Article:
Suit: Houston's anti-food sharing ordinance 'unconstitutionally vague'
HOUSTON - A Harris County man and his teenage children have filed suit against the city of Houston to challenge one of its ordinances.
In a lawsuit filed Dec. 21 in the Houston Division of the Southern District of Texas, Paul Kubosh argues the city's Anti-Food Sharing Ordinance violates his and his children's constitutional rights.
Houston City Council outlawed feeding homeless people anywhere in Houston without permission of the property owner. The property restriction does not apply to the feeding of five or fewer people.
Mayor Annise Parker unveiled the plan with the announced intention of guaranteeing the safety of food served to the homeless and to channel charity to the places where it could do the most good, according to a report by the Houston Chronicle.
The plaintiffs are members of Champions Forest Baptist Church and have given and shared food for free "with more than five people at a time on Houston public property" since about 2008.
According to the suit, the city passed the ordinance about six months ago and was not open to efforts to get it placed on the previous election's ballot.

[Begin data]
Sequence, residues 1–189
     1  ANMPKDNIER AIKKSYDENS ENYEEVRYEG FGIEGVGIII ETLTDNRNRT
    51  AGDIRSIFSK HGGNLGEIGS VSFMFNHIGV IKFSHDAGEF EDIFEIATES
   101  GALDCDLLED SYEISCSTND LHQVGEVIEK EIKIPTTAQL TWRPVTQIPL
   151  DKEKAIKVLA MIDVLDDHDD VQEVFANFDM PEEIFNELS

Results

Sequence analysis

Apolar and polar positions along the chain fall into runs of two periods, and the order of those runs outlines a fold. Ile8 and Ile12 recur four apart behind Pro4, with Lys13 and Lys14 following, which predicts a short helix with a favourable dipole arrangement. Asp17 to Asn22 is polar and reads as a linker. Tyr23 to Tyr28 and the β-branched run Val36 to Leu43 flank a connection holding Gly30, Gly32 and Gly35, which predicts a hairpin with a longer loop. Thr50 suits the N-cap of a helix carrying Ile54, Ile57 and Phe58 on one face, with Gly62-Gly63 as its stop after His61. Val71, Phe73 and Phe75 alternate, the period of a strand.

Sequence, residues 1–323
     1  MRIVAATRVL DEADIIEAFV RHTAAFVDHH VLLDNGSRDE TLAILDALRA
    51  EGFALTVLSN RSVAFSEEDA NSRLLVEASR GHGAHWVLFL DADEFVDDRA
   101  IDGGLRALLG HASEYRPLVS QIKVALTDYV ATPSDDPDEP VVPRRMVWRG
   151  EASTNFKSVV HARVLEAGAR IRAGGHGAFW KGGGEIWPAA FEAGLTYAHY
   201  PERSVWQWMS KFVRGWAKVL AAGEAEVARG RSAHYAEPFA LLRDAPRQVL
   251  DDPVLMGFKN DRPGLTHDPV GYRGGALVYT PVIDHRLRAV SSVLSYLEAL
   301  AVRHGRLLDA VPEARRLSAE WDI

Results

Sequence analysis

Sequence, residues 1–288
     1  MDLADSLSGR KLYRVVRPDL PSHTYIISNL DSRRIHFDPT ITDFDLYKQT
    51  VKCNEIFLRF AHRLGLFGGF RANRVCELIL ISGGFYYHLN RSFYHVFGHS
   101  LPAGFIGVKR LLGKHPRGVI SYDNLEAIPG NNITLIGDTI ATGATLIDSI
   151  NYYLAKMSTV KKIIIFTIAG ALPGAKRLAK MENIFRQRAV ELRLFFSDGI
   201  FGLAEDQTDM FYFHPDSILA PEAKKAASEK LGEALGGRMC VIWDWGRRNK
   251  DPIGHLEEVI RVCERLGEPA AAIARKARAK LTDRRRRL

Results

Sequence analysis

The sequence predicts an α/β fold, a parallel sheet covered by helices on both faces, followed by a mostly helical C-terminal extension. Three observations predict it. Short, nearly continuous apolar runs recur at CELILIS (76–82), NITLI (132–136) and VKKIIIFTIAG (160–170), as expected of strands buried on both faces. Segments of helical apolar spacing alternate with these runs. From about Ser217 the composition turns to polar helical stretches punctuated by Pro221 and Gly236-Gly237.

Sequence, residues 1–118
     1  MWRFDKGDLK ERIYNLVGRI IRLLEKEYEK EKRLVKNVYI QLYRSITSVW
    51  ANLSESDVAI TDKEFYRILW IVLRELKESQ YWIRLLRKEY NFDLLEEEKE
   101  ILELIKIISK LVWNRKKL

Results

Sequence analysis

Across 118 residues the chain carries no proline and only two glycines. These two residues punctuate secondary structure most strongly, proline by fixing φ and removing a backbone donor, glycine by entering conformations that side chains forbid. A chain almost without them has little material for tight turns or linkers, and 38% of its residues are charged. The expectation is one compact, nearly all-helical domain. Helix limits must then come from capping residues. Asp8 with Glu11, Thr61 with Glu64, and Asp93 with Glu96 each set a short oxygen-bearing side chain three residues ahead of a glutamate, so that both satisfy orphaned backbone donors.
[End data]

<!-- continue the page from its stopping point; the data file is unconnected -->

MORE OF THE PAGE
More than 34,000 people signed a petition in opposition of the ordinance, however, the city was not swayed, the original petition says.
The ordinance carries a jail sentence and a $200 fine for any violations.
The suit claims the ordinance is "unconstitutionally vague", stating the term "those in need" has no clear definition and "in its broadest sense can refer to anyone."
It additionally asserts that the complainants' First, Fourth, Fifth and Fourteenth Amendment rights were infringed upon through the passing and implementation of the ordinance.
A jury trial is requested.
Attorney Randall L. Kallinen with the Law Office of Randall L. Kallinen PLLC in Houston is representing the plaintiffs.
Case No. 4:12-CV-3700